TRI SCENE

TAK­ING IT TO THE TOP

Triathlon Magazine Canada - - DEPARTMENTS - KT: KT: KT: KT: KT: KT: SZ

Vic­to­ria-based pro Karen Thi­bodeau had a break­through race at Iron­man Brazil in May where she fin­ished eighth af­ter com­ing off a nag­ging in­jury. The for­mer Di­vi­sion I swim­mer and Olympic tri­als qual­i­fier is also a reg­is­tered nurse work­ing in men­tal health and ad­dic­tions out­reach.

Orig­i­nally from Bridge­wa­ter, N.S., Thi­bodeau grad­u­ated with an hon­ours de­gree in ex­er­cise phys­i­ol­ogy from the Univer­sity of Pittsburgh fol­lowed by a de­gree in nurs­ing from the Univer­sity of Toronto. Thi­bodeau turned pro in 2011 and was sec­ond at Iron­man Canada in 2012 and 2014. Thi­bodeau has been up­ping her game un­der the guid­ance of coach Clint Lien who co-runs the Mer­cury Ris­ing triathlon club with Cana­dian pro Sara Gross.

Fol­low­ing a strong per­for­mance in Brazil this spring you were third at the Great White North triathlon in July among some very strong ath­letes. How did those races un­fold? What is your main goal this year?

KAREN THI­BODEAU: At Iron­man Brazil, I ex­e­cuted my race plan which put me in the mix of a tal­ented pro women’s field and re­sulted in a per­sonal best Iron­man time of 9:15:08. Great White North is a wellor­ga­nized, fun and re­laxed race in Al­berta that I’ve done over the last few years as part of a train­ing block be­fore Iron­man Canada. It also gives me an ex­cuse to spend time train­ing in Canmore, where I used to live.

This year I’ve been work­ing on gain­ing more race ex­pe­ri­ence, es­tab­lish­ing con­sis­tency and im­prov­ing my run. Iron­man Brazil and Iron­man Canada were my two A races for this year. Next year, I hope to be in the run­ning to qual­ify for Kona and hope to win my first Iron­man.

How did you first get into the sport?

I de­cided to train for my first Iron­man when I was liv­ing in Girona, Spain in 2011. My boyfriend at the time was a pro­fes­sional cy­clist in Europe which pro­vided a crash course in cy­cling. I started rid­ing with some of the Canada Na­tional team women who were train­ing there. Once I be­came com­fort­able on a bike I thought, ‘I can swim, bike and have run a num­ber of marathons, so why not try an Iron­man?’ The own­ers of Girona Cy­cling en­cour­aged me to en­ter a lo­cal race and pro­vided me with coach­ing. I won the race and de­cided to ap­ply for my pro rac­ing li­cence.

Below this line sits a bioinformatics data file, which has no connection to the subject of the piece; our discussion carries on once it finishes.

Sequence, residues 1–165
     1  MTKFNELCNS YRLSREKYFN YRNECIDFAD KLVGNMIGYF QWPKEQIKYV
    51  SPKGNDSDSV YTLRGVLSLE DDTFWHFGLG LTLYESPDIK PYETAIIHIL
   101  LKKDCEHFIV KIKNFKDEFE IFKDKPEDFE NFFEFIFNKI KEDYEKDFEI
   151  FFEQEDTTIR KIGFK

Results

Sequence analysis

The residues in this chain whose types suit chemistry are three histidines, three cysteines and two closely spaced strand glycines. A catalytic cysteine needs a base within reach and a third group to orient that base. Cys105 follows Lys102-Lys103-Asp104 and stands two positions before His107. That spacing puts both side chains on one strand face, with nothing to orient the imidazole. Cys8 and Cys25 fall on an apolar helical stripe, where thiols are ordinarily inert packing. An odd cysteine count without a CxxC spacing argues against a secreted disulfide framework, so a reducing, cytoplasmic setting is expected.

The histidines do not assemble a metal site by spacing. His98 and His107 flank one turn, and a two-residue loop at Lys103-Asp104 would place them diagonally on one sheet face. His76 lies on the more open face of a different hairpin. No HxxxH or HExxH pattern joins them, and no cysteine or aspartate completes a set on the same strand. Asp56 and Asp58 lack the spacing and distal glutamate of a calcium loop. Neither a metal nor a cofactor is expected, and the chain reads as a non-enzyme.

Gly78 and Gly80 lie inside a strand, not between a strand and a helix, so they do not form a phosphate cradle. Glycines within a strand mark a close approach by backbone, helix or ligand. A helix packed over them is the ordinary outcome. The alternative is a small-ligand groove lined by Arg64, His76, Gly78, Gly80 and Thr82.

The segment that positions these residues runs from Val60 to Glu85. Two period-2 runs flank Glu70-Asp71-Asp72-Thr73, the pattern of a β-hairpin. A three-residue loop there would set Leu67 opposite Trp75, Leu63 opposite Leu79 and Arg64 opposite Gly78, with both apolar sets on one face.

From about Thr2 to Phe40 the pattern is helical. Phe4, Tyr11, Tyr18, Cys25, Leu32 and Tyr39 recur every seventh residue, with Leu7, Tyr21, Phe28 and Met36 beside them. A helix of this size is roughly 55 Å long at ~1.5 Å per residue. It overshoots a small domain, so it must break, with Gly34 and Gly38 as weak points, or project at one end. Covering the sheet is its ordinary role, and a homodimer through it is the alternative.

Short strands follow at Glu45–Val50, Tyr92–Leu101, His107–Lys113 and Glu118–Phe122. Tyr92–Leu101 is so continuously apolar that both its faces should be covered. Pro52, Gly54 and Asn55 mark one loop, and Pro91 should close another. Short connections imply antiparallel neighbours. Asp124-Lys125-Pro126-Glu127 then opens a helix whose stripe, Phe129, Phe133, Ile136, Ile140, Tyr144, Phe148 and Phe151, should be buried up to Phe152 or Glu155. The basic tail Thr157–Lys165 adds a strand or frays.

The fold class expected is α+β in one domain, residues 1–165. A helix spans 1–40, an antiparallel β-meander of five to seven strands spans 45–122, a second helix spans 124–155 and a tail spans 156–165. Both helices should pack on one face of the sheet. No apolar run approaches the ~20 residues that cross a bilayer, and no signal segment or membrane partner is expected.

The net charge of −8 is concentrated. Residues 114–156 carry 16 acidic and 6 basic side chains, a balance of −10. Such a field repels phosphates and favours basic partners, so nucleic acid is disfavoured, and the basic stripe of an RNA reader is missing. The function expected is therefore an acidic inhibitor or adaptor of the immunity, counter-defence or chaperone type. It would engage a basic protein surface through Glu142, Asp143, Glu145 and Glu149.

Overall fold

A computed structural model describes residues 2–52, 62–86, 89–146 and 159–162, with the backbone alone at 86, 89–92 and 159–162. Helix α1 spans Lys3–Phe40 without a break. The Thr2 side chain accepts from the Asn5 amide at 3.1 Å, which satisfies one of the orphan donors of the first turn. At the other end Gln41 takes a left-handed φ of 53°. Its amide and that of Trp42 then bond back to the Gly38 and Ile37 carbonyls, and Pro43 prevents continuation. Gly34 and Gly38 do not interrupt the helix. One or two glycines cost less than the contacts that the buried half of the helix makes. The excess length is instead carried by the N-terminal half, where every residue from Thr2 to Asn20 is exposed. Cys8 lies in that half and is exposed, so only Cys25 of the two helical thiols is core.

With your back­ground in swimming, you’re of­ten right out front af­ter the swim. What does that do for you men­tally in terms of race strat­egy?

I started swimming at the age of 10 on a lo­cal team in Nova Sco­tia, and then swam for Re­gion of Waterloo in On­tario. I at­tended the Univer­sity of Pittsburgh on a swim schol­ar­ship. Swimming is my strength, which of­fers some ad­van­tages in triathlon. Although it’s hard to gain a lot of time over the small­est por­tion of the race, it does al­low you to be aware of ex­actly where you are and keep an eye on how the race is un­fold­ing.

In ad­di­tion to rac­ing pro­fes­sion­ally, you work as a men­tal health nurse. Is there an as­pect to your rac­ing and train­ing that gives you in­sight into your work as a nurse and vice versa?

Cur­rently I work ca­su­ally on var­i­ous men­tal health and ad­dic­tion out­reach teams in down­town Vic­to­ria. My work helps cre­ate bal­ance and per­spec­tive in my life, es­pe­cially in re­gards to triathlon train­ing and rac­ing. As a pro­fes­sional ath­lete it’s easy to be­come self-fo­cused, (and per­haps it is im­por­tant to be so). How­ever, I think it’s much eas­ier to let a bad train­ing day, or race, go af­ter spend­ing a day with in­di­vid­u­als ex­pe­ri­enc­ing hard­ships be­yond most peo­ple’s com­pre­hen­sion. It puts triathlon into per­spec­tive, keeps me from tak­ing my­self too se­ri­ously, and re­minds me how for­tu­nate I am.

Bal­anc­ing work and train­ing is al­ways a bit tricky. But there are lots of peo­ple out there do­ing it, who also have fam­i­lies to take care of on top of train­ing and work. It re­ally just comes down to or­ga­ni­za­tion, time man­age­ment and pri­or­i­tiz­ing. I’m lucky to have a job that makes it pos­si­ble to work ca­su­ally and only work 16 to 20 hours a week dur­ing hard train­ing blocks.

You train with Mer­cury Ris­ing in the pool. There’s a lot of tal­ent in that group – how im­por­tant to you is it to have a train­ing group to work with.

One of my rea­sons for mak­ing the move to Vic­to­ria this year was that I wanted to be in­volved in train­ing groups and be sur­rounded by like-minded peo­ple. MRT has one of the most solid triathlon swim pro­grams in the coun­try, and I feel for­tu­nate to be sur­rounded by, and able to train with, such tal­ented ath­letes ev­ery day.

How did you be­gin work­ing with Clint Lien as a coach?

I had met Clint in 2010, be­fore I started rac­ing triathlon as I would spend a few months each year in Vic­to­ria and would train with the MRT group. In 2012, af­ter fin­ish­ing my first Iron­man (Iron­man Canada, where I fin­ished sec­ond), I de­cided to take train­ing more se­ri­ously and find a lo­cal Cana­dian coach. I wanted to work with some­body I trusted and who I felt un­der­stood my needs and Clint was, and con­tin­ues to be, a good match.

What is it that ap­peals to you about long course rac­ing?

Long course rac­ing suits my abil­i­ties. I started rac­ing at 32 and there­fore missed the op­por­tu­nity to de­velop the speed re­quired for short course rac­ing. But hav­ing come from a swimming back­ground where 20-hour-plus train­ing weeks seemed nor­mal – the train­ing vol­ume for Iron­man was man­age­able. I love the phys­i­cal and men­tal test long course rac­ing pro­vides.–

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